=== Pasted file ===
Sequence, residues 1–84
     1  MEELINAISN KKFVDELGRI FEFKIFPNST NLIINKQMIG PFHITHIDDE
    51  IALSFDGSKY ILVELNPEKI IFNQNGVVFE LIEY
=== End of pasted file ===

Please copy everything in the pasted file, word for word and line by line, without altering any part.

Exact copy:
Sequence, residues 1–84
     1  MEELINAISN KKFVDELGRI FEFKIFPNST NLIINKQMIG PFHITHIDDE
    51  IALSFDGSKY ILVELNPEKI IFNQNGVVFE LIEY